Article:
Pain management (Proceedings)


There are a wide variety of pain management techniques. I hope to cover a few here. Some of the different areas we will cover are injectable analgesia, epidurals, wound soaker catheters, local blocks, NSAIDs, and alternative methods. Each group will be expanded upon, with specific examples.

Pain Management Techniques

There are a wide variety of pain management techniques. I hope to cover a few here. Some of the different areas we will cover are injectable analgesia, epidurals, wound soaker catheters, local blocks, NSAIDs, and alternative methods. Each group will be expanded upon, with specific examples.

Injectable analgesia

This section covers many different drugs administered through a variety of routes (IV, IM, SQ). Typically, injectable analgesia is referring to opioids. NSAIDs, alpha-2 agonists, and dissociatives, however, can also be included in this section. The procedure and the patient's analgesic requirements will affect the drug given, the dose given, the frequency at which the drug is given, and also the route of administration.When drugs are not given at a continuous rate, there may be periods of low to no analgesia as the drug is cleared off and then periods with higher analgesia soon after administration. This is known as peaks and valleys. When giving intermittent injections it is important to assess patients often for pain. Examples of procedures where intermittent injections would be appropriate pain management are post-operatively for an ovariohysterectomy, or a simple mass removal.

Some injectable analgesic drugs can also be administered at a continuous rate to achieve optimum analgesia. Most commonly we are referring to opioid agonists such as fentanyl, hydromorphone, or morphine. Other drugs common given as constant rate infusions (CRIs) to help treat pain are lidocaine, ketamine, and alpha-2 agonists. A CRI will provide a consistent level of analgesia. Lower doses of drugs are needed because of the consistent rate. Titration of drugs administered as a CRI is usually possible. Critical patients often benefit from CRIs both under anesthesia and post-operatively. Intra-operative CRIs, of certain drugs, decrease the minimum alveolar concentration, allowing for a decrease in inhalant anesthetic. This is important with critical patients that often do not have good blood pressure.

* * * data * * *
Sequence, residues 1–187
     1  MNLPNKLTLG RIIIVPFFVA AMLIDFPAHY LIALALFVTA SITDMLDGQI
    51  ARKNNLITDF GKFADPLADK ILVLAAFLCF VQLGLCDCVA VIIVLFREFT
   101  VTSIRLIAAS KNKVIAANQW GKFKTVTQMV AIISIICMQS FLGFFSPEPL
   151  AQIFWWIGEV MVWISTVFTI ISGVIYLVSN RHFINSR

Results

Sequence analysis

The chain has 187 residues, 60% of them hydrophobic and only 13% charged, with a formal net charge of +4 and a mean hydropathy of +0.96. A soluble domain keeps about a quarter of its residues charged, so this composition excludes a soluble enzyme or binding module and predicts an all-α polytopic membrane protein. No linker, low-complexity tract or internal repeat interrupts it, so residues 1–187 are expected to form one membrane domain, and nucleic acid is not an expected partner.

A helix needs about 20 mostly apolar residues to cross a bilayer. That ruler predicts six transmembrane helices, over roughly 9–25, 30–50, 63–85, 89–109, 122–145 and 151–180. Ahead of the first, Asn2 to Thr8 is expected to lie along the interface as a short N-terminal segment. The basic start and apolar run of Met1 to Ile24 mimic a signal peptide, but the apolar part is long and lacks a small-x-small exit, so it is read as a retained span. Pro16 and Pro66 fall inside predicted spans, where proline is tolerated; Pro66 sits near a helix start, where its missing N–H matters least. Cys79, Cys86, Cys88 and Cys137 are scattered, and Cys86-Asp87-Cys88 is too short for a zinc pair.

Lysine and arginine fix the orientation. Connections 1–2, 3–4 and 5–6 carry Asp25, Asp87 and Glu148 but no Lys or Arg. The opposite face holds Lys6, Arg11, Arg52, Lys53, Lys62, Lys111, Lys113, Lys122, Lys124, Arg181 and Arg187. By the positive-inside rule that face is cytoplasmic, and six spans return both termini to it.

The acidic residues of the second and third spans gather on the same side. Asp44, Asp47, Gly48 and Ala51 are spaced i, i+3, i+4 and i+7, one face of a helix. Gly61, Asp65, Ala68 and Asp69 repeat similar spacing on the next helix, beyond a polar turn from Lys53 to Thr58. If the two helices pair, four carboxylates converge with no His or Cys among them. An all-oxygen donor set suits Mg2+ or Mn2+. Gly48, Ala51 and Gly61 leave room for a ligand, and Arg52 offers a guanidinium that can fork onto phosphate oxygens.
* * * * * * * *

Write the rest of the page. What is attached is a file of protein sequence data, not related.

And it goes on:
CRIs can be maintained through a syringe pump or using a fluid bag and drip set. The combination of morphine, lidocaine, and ketamine is often added to a bag of fluids and set to a certain rate for that patient. This bag of fluids can be administered through a fluid pump, or in situations without one, the dial on the drip set can be used to control the rate of the fluid. The later is a bit riskier, if the patient's catheter was a little positional and he was to stretch his leg out, the fluids might speed up and the patient may receive more drug than initially intended. The opposite could be true as well, the line could stop flowing and the patient would not be receiving any medication. A pump will typically alert someone when an occlusion is present. Fentanyl can be administered as a CRI directly through a syringe pump attached to the patient's IV catheter, or diluted within a bag of fluids and administered at a faster rate.

The cost of administering a CRI is typically more than with intermittent injections (depending on the drug). This is because of the additional equipment necessary. The following is an example of a fentanyl CRI dosing chart. When saved as an excel spreadsheet, the patient weight could be added to one box and the program can calculate the rest for you. Using straight fentanyl, a syringe pump would be set for mL/hr.